Cycling CME

A unique CME learning experience for Physicians, PA-C's, and other Medical Providers who love to bike

Active CME:  Combining Continuing Medical Education (CME) and Bicycle Touring for the Healthcare Provider

Exercise and Cognition in Children and Adolescents

Exercise and its importance to cognition and development in children have always been interesting to me. We know the mantra of “60 Minutes” of moderate-to-vigorous activity each day for children and adolescents. Clearly, this type of exercise imparts clear health benefits in the realm of the physical and physiological areas of our lives. More recently, several articles looking at the benefits of exercise on cognition and academic achievement in children have highlighted those benefits.

A study by Esteban-Cornejo et al looked at physical activity throughout adolescence and related this to cognitive performance at 18. Cognition is a broad term and has been defined as the mental action or process of acquiring knowledge and understanding through thought, experience, and the senses. It is also a marker of health and they begin their article noting that several studies have correlated low cognition in adolescents with multiple medical problems, including mental disorders, vascular disease and cancers later in life. They point out that physical activity is known to stimulate factors involved in brain plasticity, essential to our childhood and adolescent development. Therefore, increasing physical activity in adolescents is crucial and plays a role in brain development and therefore cognition. The authors highlight the fact that magnitude of decline in physical activity is greatest during adolescents while at the same time they have great brain plasticity that seems to respond to activity. Overall, the main findings of the study were the importance of consistent moderate exercise in adolescents and the positive association with cognitive performance at age 18.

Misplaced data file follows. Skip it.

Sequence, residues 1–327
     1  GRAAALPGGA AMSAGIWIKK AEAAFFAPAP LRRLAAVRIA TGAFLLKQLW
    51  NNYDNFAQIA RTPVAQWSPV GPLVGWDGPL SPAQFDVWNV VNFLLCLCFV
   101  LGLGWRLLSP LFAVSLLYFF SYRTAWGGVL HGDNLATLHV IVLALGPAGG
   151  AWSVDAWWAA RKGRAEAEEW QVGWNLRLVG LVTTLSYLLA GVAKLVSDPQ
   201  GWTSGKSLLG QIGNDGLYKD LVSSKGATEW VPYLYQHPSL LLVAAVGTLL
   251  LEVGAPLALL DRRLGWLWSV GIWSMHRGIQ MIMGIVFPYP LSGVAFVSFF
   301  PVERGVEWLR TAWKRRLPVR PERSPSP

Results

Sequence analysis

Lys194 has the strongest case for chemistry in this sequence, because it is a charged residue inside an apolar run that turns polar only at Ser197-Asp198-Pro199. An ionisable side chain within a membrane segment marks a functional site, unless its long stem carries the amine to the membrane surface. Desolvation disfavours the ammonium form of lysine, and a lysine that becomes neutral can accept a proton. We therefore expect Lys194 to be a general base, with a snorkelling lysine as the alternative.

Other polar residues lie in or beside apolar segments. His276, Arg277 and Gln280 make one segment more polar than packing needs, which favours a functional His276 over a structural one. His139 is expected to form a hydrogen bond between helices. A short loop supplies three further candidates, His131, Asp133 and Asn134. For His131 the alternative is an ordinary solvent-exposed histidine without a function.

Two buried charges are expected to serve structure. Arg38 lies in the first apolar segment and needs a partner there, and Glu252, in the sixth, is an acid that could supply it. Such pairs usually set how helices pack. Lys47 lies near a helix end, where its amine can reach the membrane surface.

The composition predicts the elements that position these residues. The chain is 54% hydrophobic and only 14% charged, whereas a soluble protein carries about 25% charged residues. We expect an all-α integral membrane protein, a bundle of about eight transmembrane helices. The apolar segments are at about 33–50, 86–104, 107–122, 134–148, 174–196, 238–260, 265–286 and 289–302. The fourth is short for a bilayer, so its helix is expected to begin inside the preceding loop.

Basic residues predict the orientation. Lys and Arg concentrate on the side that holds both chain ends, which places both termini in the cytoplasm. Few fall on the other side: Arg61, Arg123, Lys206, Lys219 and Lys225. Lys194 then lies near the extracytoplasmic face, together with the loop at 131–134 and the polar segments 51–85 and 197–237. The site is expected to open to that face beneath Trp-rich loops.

The take away for me was, again, moderation and consistency are key to exercise in adolescents. Too little time spent being active clearly is associated with less cognitive development – an opportunity lost. Let’s promote opportunities for physical activity in our children and adolescents in every way that we can. They will have improved physical health and cognition as they proceed into adulthood.  This is beneficial to them on a personal level as well as all of us on a community level.


Esteban-Cornejo, I., Hallal, P.C., et al. (2015). Physical activity throughout adolescence and cognitive performance at 18 years of age.  Medicine and Science in Sports and Exercise, 47(12), 2552-2557.

Marsh H., & Kleitman, S. (2003) School athletic participation: mostly gain with little pain.  Journal of Sport and Exercise Psychology, 25(2), 205-8.

Mike Reeder

Cycling CME